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An insight into FIV in cats 

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FIV in cats is a condition similar to the virus that causes AIDS in people, although there is no risk of people catching AIDS from infected cats.

It infects the white blood cells of the immune system, killing or damaging them. A healthy immune system is needed to fight infections and monitor for cancer in the body; so infected cats have a greater risk of disease and infection from other viruses and bacteria.

Once a cat is infected, then infection is permanent. Just as in human HIV infection, carriers of FIV may show no symptoms of the disease for years. Between two to five per cent of the UK cat population is thought to be infected, but there is a lot of regional and local variation. Un-neutered male cats are more at risk.

What are the symptoms of FIV infection?

The symptoms following infection with the virus are usually mild. The cat may have a mild fever for a few weeks and there may be enlargement of the lymph nodes (the little lumps often referred to as “glands”). But often, cats infected with FIV appear completely normal.

Months or years later, as infection progresses, the cat may develop fever, lethargy, poor appetite and weight loss. Any recurrent illnesses may suggest that the cat has FIV – or another virus, such as FeLV .

Common signs include long-lasting or recurrent diarrhoea, a runny nose and sneezing (rhinitis), inflammations of the eye and recurrent skin infections. They are also more likely to get some types of cancer.

How do FIV cats get infected?

The virus passes from cat to cat in saliva, usually through biting in fights. Un-neutered male cats are considerably more at risk of getting FIV because a single bite may be enough to infect a cat. And a cat can be infected by biting an FIV-infected cat.

About one-quarter of the kittens born to an infected mother will be infected and there is a small chance that the virus can be transmitted through sharing food bowls and by cats licking each other during grooming.

How do you know if a cat is infected?

Infected FIV cats are identified by a blood test that looks for antibodies to the disease. For reasons not yet fully understood, these antibodies cannot fight off the infection. However, the commonly used tests are not completely accurate, and cats that test positive should be confirmed using a different test from a commercial laboratory. A few FIV cats that have the virus will test negative even though they are infected.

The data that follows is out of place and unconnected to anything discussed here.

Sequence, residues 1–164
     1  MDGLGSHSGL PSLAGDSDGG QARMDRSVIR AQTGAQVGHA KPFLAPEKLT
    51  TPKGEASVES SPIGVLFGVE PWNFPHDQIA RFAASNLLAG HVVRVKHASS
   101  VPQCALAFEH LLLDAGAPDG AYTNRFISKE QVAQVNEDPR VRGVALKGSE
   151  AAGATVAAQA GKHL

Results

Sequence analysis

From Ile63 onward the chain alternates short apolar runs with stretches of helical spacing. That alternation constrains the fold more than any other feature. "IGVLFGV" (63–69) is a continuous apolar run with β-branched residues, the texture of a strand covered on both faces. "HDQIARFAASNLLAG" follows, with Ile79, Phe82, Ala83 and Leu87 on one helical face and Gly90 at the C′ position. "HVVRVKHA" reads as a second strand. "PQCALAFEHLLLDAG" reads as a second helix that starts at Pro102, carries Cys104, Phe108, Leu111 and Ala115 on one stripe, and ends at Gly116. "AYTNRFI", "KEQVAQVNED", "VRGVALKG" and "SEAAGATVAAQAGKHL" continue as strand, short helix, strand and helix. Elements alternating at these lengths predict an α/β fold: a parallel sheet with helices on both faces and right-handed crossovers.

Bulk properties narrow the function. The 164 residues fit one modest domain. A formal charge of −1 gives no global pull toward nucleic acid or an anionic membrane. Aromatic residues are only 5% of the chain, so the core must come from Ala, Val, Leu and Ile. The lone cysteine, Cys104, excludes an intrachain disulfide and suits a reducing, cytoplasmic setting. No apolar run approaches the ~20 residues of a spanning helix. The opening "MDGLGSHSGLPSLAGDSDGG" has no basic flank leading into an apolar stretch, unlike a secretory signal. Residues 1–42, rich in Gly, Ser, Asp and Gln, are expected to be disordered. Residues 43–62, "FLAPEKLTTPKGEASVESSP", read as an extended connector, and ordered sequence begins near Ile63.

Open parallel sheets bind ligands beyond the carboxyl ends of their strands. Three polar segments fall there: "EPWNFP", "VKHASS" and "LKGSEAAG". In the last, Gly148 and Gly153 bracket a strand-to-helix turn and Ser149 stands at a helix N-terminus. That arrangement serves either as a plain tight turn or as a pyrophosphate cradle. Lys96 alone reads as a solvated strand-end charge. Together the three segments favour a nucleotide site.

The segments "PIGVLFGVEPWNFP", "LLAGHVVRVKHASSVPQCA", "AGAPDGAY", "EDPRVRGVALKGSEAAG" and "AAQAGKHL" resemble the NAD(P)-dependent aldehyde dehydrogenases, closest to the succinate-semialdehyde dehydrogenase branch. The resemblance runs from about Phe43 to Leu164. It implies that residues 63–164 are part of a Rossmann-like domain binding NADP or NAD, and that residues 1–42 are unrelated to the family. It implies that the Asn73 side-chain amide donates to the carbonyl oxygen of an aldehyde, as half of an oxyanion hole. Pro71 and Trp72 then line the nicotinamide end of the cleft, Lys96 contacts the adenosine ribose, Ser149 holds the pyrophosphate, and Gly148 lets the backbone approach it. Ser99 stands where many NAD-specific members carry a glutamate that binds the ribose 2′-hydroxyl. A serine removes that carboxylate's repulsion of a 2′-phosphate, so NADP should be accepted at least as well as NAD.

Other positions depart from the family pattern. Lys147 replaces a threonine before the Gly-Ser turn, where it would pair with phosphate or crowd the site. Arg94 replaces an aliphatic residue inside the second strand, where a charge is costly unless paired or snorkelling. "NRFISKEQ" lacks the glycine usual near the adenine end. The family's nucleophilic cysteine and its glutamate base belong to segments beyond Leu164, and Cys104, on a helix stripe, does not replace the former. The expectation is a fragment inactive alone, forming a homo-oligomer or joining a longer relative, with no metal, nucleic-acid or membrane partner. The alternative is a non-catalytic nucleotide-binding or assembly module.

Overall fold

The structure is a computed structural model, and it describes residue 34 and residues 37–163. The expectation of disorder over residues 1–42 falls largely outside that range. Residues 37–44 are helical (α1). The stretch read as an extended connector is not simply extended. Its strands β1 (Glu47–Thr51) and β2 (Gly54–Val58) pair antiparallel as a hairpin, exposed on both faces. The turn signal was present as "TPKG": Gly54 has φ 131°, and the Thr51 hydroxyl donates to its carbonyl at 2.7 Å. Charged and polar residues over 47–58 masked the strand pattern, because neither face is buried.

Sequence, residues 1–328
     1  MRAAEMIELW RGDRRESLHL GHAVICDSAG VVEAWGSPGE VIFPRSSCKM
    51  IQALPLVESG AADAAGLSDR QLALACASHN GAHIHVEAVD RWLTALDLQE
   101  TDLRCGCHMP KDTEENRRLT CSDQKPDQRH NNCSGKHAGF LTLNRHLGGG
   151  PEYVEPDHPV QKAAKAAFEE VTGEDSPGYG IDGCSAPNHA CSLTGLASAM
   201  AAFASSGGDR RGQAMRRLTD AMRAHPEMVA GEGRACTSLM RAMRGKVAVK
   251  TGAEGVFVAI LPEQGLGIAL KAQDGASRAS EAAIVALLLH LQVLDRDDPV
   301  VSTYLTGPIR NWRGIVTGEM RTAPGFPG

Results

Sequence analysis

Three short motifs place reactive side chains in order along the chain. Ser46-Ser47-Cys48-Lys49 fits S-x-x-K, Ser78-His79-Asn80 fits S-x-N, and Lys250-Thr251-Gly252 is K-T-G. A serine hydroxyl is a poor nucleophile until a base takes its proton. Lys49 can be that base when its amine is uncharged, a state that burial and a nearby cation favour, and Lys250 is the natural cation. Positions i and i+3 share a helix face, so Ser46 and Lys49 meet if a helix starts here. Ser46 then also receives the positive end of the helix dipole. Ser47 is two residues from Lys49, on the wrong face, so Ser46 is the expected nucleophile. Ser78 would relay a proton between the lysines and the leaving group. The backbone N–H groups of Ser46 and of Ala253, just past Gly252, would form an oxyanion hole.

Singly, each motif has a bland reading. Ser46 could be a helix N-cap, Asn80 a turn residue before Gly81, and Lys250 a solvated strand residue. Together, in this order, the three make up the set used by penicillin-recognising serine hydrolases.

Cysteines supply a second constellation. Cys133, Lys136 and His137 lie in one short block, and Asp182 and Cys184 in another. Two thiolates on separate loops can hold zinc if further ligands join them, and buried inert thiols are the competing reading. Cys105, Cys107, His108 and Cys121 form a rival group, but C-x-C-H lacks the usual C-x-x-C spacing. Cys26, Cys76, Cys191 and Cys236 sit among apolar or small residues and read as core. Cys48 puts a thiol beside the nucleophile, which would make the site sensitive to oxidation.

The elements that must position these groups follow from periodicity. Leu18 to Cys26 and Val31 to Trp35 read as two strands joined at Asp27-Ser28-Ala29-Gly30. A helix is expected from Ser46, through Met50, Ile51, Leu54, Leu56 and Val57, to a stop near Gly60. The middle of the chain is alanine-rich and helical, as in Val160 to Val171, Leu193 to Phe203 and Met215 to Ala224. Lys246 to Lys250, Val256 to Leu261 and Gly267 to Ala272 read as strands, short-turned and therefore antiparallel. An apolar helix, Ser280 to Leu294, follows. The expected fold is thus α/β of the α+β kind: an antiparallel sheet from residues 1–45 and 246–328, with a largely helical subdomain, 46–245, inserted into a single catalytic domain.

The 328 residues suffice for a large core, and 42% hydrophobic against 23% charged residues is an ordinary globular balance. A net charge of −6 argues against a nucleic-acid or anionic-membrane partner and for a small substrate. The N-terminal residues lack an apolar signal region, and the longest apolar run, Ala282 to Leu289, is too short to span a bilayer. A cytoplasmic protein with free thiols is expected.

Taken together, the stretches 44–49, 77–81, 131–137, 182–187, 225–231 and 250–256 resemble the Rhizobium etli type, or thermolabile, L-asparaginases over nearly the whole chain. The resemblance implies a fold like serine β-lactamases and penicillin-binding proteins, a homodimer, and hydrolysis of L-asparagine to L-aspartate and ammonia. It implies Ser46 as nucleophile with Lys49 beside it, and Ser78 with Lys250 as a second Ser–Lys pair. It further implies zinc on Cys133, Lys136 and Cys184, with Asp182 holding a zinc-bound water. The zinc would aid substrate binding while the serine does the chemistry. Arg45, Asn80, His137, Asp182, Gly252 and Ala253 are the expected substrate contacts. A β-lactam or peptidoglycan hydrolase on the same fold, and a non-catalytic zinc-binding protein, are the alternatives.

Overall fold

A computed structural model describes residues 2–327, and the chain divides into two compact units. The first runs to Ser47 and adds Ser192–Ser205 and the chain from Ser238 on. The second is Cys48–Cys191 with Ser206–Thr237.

There are several other considerations with the blood test. It cannot be used for kittens under 20 weeks born to an FIV-infected mother. Some of these kittens will have antibodies from their mother to FIV but are not infected with the virus, and these antibodies interfere with the test. If it is not known whether the mother is infected, it is best to wait until a kitten is older than 20 weeks before testing.

In addition, it can take up to 12 weeks after catching the virus before the blood test can detect that a cat has the virus. If you are worried that your cat is infected (for example, following a cat fight) you should wait for 12 weeks before testing. Finally, sick cats may not produce antibodies, so they may also test negative.


Is there a FIV cat vaccine?

There is no vaccine available currently in the UK. A vaccine is used in the United States, but it is not reliable and it does not work against all the types of FIV. It also poses problems for vets because a vaccinated cat will test positive for FIV.

How serious is it? Do FIV cats have to be put to sleep?

Recent studies have indicated that FIV may not reduce a cat’s lifespan, and cats may live for many years after being infected. However, it is unpredictable, as some cats develop severe and multiple infections. It is important to try and protect cats with FIV from catching other diseases, as they are more vulnerable than other cats. They should not be fed raw foods that might carry bacteria, such as raw eggs or meat, and it is better to keep them indoors. Hunting should be discouraged.